According to the New York Times, a little over a year after the publication of the 2013 study, a professor in the same lab who knew the process of creating psychological profiles from “likes” would start collecting data. personal information from 87 million Facebook users under a misleading company name: “Cambridge Analytica”.

Facebook banned this researcher, Aleksandr Kogan and his affiliates, from the platform in 2018.

The company has stated that personal identity information is not used for advertising purposes.

“Advertisers can use the targeting options we provide when creating an ad, which include interests based on engagement on Facebook, such as liking a page and clicking an ad; but these interests are not based on attributes or characteristics of a person, such as their religious affiliation. or sexual orientation, “Facebook said in a statement.

Facebook tracks users’ web traffic off its site

The social network does not only monetize data when users are logged into its platform. The company also follows people on millions of other websites through an advertising tool called Facebook Pixel.

It’s unclear how many websites are currently using Facebook Pixel, but Weissman said it was “mind-boggling.”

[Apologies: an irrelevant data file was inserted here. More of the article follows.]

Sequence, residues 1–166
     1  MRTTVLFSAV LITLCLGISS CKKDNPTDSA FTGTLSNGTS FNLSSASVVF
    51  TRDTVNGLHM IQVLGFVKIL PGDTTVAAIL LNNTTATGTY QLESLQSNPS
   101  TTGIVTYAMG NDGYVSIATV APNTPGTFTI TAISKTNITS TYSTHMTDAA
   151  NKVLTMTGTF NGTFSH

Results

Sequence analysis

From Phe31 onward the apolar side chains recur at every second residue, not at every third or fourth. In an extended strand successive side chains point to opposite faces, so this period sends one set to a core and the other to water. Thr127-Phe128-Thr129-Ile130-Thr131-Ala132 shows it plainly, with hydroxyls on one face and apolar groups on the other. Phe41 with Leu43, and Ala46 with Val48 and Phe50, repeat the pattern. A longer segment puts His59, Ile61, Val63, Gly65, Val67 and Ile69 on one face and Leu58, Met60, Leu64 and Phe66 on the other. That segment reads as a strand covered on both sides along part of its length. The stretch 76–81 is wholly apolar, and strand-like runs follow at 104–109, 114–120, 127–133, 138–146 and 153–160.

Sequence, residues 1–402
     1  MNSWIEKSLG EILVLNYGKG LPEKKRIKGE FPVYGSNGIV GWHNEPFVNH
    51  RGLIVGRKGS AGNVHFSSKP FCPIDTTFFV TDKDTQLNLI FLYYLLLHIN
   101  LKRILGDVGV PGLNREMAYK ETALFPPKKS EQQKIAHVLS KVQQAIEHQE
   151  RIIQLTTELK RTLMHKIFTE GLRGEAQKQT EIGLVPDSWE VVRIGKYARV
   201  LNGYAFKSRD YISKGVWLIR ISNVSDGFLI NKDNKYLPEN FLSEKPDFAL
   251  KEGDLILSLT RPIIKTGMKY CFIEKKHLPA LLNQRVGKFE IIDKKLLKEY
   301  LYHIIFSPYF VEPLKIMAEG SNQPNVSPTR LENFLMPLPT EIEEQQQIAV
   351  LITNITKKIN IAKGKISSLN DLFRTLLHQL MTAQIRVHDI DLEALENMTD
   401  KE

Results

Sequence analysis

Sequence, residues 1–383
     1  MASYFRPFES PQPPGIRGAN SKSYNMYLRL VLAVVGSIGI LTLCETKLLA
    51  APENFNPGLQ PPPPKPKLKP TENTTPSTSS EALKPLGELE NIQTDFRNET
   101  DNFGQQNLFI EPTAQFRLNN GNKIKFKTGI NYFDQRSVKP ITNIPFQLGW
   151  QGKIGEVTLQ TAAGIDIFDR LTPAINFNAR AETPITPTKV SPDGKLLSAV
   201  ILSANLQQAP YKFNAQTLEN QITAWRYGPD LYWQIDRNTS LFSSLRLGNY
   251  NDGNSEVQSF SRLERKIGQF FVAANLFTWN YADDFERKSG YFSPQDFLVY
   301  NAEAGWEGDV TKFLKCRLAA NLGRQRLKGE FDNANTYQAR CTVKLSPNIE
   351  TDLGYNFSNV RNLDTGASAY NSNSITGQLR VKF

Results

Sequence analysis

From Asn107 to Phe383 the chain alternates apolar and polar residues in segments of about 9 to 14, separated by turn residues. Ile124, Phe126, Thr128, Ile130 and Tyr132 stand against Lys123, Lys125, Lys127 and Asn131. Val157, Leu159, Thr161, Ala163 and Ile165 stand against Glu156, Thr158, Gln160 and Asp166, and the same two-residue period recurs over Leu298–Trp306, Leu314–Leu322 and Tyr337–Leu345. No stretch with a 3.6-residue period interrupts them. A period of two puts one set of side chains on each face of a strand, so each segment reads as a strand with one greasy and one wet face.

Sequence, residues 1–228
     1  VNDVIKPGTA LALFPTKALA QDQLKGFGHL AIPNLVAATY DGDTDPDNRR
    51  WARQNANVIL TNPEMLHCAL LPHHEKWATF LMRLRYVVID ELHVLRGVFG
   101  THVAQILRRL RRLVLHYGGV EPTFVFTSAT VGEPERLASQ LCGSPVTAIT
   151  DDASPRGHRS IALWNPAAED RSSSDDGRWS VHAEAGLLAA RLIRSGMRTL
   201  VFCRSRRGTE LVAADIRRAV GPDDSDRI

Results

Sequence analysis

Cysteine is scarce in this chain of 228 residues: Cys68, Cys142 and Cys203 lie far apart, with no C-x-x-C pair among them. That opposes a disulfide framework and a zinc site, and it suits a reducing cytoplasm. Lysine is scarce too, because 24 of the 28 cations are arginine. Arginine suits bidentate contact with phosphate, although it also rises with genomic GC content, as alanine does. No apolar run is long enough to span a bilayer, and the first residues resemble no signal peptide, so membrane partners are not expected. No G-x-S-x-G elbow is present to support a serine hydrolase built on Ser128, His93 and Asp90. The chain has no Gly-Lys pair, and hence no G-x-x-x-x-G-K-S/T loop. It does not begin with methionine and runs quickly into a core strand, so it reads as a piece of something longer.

Facebook did not respond to a question about the current number of websites using the software.

For users concerned about the company’s tracking of their personal information, there are ways to regain some privacy.

Here’s how you can delete data stored off-platform and turn off future off-platform tracking.

To delete an existing off-platform activity, follow the following prompts:

  • Expand “Account Settings” via the arrow in the upper right corner
  • Settings and privacy
  • Privacy shortcuts
  • View or delete your activity outside of Facebook
  • Clear story
  • Clear story
  • Expand the hamburger menu in the lower right corner
  • Settings and privacy
  • Settings
  • Activity outside Facebook
  • Clear story
  • Clear story

To prevent Facebook from collecting future off-platform activity, follow the following prompts:

  • Settings and privacy
  • Settings
  • Ads
  • Ads settings
  • Ads posted on Facebook
  • Disable the “authorized” button
  • Expand the hamburger menu in the lower right corner
  • Settings and privacy
  • Settings
  • Activity outside Facebook
  • More options
  • Manage future activity
  • Manage future activity
  • Disable the “Future of Facebook activity” button